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Print It? Careful of That Copyright!

It's getting so we can print whatever we need, from guns to guitars to body parts. But if we print action figures from Disney or Star Wars films (for example), we could run into copyright problems. Will a sheriff soon come knocking on your door and confiscate your kid's toys?

In a few years, if your kid breaks one of his action figures, he'll be able to toss the old one into a 3D printer and get a new one--almost as if it were a Xerox machine.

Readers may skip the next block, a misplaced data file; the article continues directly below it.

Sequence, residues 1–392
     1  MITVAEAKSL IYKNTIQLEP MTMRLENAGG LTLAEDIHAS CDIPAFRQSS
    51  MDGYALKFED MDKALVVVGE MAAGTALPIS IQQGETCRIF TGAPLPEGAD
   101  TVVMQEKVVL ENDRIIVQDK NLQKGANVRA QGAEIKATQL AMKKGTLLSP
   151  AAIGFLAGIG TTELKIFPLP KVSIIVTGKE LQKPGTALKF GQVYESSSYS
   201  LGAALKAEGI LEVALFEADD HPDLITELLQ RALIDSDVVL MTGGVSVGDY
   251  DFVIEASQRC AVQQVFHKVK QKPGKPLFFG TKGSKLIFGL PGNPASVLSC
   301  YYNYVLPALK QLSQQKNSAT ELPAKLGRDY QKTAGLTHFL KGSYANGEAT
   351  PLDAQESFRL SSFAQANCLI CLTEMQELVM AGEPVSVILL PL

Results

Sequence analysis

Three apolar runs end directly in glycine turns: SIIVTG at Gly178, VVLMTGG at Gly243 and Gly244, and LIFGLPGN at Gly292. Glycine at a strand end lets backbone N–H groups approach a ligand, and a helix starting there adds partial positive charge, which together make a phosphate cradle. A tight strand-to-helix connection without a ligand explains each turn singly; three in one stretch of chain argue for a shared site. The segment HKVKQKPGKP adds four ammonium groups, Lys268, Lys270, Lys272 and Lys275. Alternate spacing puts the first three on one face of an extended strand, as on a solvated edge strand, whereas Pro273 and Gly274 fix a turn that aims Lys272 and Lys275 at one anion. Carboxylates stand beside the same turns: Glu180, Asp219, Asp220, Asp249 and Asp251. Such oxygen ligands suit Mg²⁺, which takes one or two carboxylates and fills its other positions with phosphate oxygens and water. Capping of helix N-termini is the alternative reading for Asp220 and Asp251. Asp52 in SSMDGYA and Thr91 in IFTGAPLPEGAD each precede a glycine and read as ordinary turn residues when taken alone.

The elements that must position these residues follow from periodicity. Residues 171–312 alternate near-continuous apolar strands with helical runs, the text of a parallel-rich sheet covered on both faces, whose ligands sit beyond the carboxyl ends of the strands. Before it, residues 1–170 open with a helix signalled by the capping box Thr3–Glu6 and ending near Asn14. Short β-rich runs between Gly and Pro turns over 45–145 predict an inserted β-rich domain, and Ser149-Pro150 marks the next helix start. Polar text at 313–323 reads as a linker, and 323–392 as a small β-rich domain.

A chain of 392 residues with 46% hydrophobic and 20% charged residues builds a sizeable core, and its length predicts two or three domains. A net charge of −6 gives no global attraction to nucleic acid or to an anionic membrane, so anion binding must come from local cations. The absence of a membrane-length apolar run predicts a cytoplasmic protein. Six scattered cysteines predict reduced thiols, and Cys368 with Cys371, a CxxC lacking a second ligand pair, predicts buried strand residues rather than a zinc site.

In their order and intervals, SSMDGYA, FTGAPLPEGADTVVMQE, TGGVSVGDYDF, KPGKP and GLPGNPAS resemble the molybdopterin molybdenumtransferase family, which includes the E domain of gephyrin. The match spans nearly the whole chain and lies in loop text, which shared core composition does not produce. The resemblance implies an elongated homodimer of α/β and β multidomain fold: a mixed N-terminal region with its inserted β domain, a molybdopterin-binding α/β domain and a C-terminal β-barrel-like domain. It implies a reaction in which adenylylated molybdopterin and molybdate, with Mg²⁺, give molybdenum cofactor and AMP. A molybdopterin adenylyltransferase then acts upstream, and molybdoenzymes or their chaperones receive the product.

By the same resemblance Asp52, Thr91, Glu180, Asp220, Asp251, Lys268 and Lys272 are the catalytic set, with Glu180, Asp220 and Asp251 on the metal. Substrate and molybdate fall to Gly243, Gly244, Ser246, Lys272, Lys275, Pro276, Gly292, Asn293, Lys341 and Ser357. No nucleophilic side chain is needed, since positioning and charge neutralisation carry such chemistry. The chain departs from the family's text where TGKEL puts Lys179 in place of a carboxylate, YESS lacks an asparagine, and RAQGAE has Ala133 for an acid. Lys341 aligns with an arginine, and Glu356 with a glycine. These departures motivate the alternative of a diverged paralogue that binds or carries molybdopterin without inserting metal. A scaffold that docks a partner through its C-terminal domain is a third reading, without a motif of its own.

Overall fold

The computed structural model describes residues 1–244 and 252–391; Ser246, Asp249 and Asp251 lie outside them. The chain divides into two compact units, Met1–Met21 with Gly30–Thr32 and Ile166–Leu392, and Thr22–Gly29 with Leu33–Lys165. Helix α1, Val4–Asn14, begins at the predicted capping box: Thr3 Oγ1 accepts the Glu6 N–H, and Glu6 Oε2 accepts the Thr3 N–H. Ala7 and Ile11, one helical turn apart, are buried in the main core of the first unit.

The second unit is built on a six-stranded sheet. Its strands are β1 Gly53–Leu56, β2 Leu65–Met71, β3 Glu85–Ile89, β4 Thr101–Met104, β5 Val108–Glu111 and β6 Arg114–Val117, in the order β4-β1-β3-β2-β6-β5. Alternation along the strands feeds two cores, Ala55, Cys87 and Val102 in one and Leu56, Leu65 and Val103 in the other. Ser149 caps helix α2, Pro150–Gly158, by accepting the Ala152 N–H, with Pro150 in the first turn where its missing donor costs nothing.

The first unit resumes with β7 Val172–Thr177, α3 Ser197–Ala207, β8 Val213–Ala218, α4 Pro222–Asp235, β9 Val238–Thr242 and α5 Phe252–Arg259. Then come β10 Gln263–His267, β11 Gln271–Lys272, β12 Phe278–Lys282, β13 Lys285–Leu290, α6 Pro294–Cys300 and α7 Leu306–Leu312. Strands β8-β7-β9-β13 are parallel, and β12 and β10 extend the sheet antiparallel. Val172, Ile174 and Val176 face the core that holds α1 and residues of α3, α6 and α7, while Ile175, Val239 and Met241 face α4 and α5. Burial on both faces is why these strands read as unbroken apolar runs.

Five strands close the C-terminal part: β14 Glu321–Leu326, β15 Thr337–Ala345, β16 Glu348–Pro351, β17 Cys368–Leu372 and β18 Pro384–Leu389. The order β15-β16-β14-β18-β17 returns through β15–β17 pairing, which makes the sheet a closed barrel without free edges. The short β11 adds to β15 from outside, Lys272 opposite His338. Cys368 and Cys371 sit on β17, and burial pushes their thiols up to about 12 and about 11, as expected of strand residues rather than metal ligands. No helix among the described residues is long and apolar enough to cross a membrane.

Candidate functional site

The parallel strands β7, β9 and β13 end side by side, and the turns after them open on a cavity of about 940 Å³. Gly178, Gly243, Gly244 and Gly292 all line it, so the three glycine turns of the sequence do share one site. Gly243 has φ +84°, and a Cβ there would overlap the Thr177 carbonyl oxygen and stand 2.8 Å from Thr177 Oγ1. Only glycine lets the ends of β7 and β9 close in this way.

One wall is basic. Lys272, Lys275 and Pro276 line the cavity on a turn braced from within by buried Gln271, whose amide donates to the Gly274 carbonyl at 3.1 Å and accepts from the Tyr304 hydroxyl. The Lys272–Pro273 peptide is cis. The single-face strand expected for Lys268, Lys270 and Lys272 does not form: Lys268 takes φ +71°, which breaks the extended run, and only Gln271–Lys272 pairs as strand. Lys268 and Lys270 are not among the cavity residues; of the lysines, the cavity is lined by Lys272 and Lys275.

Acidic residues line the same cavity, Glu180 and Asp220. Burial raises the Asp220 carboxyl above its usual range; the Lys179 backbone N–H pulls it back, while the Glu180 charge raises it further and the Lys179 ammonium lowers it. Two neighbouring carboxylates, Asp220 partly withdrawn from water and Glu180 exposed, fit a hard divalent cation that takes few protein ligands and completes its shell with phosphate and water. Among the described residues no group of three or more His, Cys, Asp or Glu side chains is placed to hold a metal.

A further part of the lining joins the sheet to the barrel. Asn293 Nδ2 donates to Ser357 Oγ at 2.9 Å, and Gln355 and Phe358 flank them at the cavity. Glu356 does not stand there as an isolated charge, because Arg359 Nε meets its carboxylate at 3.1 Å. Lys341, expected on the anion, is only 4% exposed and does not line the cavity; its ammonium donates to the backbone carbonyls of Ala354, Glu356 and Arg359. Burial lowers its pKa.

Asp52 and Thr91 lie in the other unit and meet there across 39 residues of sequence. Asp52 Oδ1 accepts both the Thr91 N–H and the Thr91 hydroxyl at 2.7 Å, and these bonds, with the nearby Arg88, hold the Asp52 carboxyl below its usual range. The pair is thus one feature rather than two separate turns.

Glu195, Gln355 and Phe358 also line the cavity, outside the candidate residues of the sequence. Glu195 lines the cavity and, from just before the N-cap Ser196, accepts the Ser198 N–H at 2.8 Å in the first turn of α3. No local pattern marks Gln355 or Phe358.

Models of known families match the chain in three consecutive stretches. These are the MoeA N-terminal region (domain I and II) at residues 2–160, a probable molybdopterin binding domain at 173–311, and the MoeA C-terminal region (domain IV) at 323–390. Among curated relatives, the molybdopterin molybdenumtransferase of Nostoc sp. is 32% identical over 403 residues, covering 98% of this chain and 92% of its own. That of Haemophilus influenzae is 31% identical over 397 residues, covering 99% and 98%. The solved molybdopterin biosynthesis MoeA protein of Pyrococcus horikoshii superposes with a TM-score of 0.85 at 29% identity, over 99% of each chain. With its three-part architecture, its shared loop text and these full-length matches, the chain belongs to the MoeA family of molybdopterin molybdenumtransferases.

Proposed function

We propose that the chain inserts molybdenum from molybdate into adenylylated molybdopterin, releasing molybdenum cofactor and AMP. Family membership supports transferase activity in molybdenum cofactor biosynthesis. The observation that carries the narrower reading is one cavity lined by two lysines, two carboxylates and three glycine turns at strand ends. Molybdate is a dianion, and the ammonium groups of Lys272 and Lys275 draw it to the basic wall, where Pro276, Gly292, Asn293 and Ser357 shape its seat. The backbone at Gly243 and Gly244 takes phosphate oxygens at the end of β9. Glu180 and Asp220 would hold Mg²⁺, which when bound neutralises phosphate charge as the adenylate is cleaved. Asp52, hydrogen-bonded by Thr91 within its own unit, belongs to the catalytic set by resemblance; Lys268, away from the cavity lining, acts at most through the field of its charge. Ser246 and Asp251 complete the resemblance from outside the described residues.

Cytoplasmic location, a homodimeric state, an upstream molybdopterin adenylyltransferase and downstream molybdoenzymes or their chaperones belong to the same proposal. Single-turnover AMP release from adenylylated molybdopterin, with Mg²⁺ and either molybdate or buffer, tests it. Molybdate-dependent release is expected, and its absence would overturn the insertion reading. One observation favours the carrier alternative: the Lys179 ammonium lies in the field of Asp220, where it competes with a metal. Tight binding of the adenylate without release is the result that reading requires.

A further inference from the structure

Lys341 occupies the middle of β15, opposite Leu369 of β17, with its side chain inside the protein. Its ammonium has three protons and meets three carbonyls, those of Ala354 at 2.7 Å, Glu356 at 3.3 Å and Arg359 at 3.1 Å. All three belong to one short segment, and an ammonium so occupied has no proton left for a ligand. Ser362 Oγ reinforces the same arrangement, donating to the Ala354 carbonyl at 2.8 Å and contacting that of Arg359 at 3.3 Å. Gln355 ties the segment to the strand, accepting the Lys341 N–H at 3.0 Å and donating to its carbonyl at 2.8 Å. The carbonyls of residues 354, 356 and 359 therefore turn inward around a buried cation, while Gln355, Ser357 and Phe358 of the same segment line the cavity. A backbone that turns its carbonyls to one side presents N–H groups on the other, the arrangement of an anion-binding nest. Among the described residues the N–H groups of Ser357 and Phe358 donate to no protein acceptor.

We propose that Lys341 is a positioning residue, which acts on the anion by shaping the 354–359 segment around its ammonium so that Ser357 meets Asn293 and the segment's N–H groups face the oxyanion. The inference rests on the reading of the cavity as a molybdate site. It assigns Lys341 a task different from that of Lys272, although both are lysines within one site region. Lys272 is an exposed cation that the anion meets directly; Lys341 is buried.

On the Wired. UK website, Clive Thompson quotes attorney Michael Weinberg as saying, "Printing in 3D is a disruptive technology that raises a lot of intellectual property issues."

Since 3D printing is such a new technology, no lawsuits have been filed yet, but it's inevitable that they will be. BUT, when they are, a judge may rule that you haven't violated copyright laws but patent laws, which are much more lenient and expire in 20 years. The patents on many of the objects you may want to replace, such as Lego bricks, have expired long ago. Also, patent law generally only covers a complete assembled product, so creating replacement parts is probably legal.

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